FR: se plaindre de ce que

wster

Senior Member
American and Canadian English
From Montesquieu:

Vous vous plaignez, dit-il aux inquisiteurs, de ce que l’empereur du Japon fait brûler à petit feu tous les chrétiensqui sont dans ses États....

I am having a bit of trouble understanding ce que here. How should one think of this?

1) As the relative pronoun ce_que?

2) Or as two parts ce + que = this + that?; ie is ce an independent demonstrative? You complain, he said to the inquisitors, of this that the emperor.. Of course in English we would just translate it as You complain... that the emperor... But the fact that plaindre takes a de complicates things I guess.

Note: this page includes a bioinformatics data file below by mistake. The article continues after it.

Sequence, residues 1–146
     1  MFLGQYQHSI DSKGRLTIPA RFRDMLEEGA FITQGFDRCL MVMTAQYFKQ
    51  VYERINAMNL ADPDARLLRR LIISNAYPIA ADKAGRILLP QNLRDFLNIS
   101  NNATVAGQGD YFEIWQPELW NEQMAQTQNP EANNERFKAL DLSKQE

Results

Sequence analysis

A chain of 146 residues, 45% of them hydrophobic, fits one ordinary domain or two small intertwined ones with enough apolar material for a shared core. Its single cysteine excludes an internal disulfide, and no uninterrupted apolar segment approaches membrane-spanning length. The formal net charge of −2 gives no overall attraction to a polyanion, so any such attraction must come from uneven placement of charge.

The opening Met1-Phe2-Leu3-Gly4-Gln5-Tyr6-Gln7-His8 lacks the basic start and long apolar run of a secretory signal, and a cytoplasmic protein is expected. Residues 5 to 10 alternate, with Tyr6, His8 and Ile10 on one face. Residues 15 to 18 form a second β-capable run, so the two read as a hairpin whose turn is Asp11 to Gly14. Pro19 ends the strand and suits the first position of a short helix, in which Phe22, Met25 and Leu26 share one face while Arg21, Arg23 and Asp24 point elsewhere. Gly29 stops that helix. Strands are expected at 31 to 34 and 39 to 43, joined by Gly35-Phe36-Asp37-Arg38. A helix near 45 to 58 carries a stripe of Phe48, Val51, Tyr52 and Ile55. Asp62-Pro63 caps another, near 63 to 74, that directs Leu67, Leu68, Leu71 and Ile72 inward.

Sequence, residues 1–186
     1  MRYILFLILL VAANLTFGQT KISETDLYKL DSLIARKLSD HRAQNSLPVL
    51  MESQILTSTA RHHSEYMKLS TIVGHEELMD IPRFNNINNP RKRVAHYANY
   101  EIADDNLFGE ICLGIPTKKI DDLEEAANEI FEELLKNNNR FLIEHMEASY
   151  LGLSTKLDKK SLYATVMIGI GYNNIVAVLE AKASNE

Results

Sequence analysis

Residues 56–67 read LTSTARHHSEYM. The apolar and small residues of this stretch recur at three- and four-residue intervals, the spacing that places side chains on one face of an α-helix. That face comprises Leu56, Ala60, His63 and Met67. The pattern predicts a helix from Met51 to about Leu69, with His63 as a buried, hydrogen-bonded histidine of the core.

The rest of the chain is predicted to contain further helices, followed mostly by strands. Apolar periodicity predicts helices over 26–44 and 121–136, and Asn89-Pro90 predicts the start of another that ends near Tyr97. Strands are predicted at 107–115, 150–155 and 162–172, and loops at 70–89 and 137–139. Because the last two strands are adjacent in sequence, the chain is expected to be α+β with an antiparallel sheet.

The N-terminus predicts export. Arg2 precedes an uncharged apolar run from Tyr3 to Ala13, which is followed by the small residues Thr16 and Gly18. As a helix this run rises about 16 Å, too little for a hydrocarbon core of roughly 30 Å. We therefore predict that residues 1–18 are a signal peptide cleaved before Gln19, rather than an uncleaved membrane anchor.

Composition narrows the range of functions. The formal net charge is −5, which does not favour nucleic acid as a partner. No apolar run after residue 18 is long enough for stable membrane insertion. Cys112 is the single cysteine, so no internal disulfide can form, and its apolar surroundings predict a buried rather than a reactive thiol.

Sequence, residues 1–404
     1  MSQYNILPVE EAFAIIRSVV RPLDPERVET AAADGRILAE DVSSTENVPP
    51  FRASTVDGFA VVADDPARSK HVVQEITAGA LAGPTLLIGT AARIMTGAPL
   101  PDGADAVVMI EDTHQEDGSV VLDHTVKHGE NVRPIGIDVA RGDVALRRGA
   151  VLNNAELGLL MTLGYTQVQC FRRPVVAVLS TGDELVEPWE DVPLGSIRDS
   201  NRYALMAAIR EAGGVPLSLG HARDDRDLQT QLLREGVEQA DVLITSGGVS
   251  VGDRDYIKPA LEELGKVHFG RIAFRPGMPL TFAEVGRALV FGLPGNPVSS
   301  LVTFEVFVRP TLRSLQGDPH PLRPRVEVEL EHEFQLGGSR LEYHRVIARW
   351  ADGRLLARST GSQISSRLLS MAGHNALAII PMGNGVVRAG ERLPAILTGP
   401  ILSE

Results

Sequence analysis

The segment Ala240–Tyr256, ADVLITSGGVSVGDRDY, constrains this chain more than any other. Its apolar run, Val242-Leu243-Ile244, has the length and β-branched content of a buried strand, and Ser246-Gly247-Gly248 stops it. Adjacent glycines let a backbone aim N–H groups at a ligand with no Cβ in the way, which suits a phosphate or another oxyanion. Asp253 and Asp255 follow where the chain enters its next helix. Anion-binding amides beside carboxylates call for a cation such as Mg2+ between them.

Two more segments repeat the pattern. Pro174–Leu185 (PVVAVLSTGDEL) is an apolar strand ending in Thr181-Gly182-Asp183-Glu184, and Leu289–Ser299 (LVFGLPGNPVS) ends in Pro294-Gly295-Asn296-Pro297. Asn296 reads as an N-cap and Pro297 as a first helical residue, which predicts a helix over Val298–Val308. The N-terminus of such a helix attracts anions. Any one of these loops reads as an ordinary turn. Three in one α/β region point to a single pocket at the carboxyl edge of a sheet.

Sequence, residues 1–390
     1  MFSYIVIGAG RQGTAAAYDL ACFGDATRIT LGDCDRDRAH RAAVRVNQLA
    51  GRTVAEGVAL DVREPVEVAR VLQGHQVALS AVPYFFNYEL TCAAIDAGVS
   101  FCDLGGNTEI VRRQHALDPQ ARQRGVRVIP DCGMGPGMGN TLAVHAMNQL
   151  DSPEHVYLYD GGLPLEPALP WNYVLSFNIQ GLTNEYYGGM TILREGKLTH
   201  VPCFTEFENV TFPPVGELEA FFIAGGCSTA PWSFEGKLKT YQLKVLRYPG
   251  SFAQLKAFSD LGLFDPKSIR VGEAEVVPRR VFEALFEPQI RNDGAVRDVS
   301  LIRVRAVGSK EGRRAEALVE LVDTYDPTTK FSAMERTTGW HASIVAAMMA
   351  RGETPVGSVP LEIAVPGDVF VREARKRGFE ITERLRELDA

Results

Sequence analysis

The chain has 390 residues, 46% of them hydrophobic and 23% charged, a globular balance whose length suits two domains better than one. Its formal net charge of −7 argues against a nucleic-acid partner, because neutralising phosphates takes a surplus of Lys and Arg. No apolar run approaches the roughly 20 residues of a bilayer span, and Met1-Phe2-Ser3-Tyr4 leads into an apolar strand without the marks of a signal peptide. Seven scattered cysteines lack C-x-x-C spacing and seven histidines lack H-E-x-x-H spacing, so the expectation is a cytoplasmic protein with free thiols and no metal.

Can anybody shed some light?

Thanks in advance.
 
  • atcheque

    Senior Member
    français (France)
    Hello wster,

    In French, we say "se plaindre de quelque chose".
    In this sentence, qqch = ce (ceci, cela), then "que" introduces the "complex" cela which is a whole sentence itself (proposition relative) :
    1- Vous vous plaigniez de cela
    2- que l'empereur ...
     
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